Now let’s look at investment returns. No one can predict the future. Historically, we know there is a relationship between inflation, asset allocation and returns. Hypothetically, let’s assume that a diversified fixed income portfolio over the long term would produce a return of 1% above inflation. The return above inflation is called the “real return.” Equities, because of their higher risk, have earned an “equity risk premium” of roughly 3 to 7% above the inflation rate over the long term. Again, hypothetically, let’s assume that in the long-run equities earn 5% above inflation. Alternatives have a shorter historical track record but are designed to produce returns comparable to fixed income returns over time. Therefore, a portfolio with 50% fixed income holdings and 50% equity holdings might hypothetically produce a 3% real return over time. If long-term inflation is expected to be 2.5%, the nominal return could be expected to be 5.5%. A larger allocation to equities will likely produce a larger real return and a smaller (more defensive) allocation of equities would likely produce a smaller real return.

Lastly, longevity. Certainly, we can look at actuarial tables, such as those used by insurance companies and social security, to calculate life expectancy. These charts show that a male age 60 might be expected to live another 22 years; a female age 60, another 25 years. However, we suggest you not use these actuarial tables. Harvard Professor David Sinclair‘s “Lifespan- Why we Age- and Why We Don’t Have To” shows that the increases in technology and medicine are going to give those individuals who want to live a longer and healthier life the opportunity to do so. It is very possible that many of our clients and friends will live a healthy 100 plus years and younger generations, such as millennials and Gen Z, may live to 110 or longer. Accordingly, we suggest using an eventual age of at least 100 when doing your financial planning.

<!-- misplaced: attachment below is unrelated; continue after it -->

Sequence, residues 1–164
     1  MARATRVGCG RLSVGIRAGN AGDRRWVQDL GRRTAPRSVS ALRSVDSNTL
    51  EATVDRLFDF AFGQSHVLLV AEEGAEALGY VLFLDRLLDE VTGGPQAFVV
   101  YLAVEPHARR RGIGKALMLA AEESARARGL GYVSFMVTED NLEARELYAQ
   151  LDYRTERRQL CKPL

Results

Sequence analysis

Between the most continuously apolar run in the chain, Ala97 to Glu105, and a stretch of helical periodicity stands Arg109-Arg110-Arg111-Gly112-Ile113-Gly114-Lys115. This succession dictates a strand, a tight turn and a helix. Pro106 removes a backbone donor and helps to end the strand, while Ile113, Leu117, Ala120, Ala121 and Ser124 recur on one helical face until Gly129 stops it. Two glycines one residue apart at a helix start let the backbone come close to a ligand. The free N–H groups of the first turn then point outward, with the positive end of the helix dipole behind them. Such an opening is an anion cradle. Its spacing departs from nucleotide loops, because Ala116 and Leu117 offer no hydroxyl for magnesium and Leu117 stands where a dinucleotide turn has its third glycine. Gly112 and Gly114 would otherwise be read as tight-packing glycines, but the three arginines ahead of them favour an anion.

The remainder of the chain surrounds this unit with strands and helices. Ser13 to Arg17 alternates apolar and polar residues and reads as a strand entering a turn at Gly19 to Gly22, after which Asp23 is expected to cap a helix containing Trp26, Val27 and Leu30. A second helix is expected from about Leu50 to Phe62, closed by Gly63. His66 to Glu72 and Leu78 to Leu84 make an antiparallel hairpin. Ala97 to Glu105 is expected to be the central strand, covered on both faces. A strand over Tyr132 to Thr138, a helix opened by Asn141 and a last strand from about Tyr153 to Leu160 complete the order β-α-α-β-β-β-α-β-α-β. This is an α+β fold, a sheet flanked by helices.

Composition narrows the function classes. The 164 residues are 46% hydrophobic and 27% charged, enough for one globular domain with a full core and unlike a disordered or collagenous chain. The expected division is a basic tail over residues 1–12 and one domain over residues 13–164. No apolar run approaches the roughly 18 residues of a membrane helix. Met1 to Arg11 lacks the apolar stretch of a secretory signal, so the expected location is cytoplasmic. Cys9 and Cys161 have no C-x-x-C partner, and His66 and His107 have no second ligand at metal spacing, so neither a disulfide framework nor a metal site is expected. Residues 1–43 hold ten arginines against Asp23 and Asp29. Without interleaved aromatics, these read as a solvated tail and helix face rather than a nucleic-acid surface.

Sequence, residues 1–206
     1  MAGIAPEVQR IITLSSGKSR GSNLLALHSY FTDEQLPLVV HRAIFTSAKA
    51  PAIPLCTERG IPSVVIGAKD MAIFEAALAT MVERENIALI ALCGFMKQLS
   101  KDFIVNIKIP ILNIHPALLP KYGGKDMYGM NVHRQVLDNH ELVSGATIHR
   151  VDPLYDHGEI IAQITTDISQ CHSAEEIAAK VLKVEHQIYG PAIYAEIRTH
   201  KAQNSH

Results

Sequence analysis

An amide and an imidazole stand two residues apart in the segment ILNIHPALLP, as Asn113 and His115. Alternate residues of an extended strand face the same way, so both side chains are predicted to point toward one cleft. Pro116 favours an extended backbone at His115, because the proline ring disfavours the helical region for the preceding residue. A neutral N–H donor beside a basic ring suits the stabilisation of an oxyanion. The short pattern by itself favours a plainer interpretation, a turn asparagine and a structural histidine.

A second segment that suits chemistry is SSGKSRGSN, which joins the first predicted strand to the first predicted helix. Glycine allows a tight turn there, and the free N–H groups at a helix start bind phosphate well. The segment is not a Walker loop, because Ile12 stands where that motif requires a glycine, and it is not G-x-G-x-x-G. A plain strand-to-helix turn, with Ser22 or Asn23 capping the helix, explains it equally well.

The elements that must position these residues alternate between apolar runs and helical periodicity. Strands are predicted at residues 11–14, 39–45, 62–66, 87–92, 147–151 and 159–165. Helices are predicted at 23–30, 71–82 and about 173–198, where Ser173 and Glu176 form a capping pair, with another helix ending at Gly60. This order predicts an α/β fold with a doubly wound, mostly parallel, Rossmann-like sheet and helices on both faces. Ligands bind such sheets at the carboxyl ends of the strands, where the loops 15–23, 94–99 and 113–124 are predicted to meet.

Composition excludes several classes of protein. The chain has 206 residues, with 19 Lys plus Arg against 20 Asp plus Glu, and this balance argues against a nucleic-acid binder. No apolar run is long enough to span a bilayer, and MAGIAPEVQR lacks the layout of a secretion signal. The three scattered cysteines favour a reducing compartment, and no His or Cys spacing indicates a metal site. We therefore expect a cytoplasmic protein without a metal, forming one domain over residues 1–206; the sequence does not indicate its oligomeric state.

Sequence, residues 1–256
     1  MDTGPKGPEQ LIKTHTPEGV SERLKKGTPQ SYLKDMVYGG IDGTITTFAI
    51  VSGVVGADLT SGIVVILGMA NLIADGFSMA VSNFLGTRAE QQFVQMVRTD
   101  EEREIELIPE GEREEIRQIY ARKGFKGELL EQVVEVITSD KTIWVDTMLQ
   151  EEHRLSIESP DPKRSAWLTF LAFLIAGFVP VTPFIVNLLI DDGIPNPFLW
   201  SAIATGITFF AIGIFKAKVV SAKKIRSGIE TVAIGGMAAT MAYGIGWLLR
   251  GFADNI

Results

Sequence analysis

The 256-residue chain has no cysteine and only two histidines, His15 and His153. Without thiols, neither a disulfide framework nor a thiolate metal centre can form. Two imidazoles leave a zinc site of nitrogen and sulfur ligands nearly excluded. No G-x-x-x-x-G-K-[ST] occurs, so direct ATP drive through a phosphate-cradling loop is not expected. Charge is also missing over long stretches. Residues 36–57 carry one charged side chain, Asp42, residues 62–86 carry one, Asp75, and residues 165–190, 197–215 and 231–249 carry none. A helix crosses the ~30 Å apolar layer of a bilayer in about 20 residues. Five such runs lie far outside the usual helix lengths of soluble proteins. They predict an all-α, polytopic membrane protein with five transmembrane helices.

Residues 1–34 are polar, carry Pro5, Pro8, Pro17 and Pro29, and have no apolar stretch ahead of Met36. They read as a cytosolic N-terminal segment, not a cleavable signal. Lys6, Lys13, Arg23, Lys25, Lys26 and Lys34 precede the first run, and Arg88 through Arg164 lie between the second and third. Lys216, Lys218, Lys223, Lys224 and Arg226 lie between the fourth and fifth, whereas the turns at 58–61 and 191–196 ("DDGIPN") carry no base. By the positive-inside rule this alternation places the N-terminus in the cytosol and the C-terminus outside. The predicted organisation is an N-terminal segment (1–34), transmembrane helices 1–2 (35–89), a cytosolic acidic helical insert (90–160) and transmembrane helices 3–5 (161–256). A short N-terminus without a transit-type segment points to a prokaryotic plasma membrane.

Dr. Sharpe’s final section in the book is about advice. He indicates that many people will need help. He outlines the “ideal financial advisor” and compares a “good financial advisor” to a “fine family doctor” who has “deep scientific knowledge, can assess client needs, habits and willpower and is able to provide scientific diagnoses and can communicate results to the client in simple terms so that the best treatments can be applied.” We like the analogy, we use it all the time.

Yes, running out of money in retirement would be a nasty, hard problem. It’s doesn’t have to be that way. You need a solid financial plan based on realistic values for investment returns and longevity. You also need to focus on spending and savings.   And, you might need some help from a “good financial advisor” that operates like a “fine family doctor,” a firm like DWM.

https://dwmgmt.com/